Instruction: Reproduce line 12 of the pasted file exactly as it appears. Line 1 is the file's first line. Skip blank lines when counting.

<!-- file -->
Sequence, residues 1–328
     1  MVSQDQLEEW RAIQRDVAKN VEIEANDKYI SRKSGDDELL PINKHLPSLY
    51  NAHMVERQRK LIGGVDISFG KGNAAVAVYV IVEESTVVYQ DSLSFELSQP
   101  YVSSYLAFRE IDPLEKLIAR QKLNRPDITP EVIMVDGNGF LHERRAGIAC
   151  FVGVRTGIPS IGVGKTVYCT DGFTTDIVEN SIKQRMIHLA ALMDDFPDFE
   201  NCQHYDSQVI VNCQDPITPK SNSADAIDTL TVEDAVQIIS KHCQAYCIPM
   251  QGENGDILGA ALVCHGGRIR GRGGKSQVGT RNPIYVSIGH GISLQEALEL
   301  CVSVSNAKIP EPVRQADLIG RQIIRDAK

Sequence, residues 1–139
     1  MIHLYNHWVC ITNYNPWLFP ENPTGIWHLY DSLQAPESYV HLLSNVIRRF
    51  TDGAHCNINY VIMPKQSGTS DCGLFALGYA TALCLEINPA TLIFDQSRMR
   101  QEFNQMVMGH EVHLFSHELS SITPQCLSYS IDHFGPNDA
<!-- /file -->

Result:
   101  QEFNQMVMGH EVHLFSHELS SITPQCLSYS IDHFGPNDA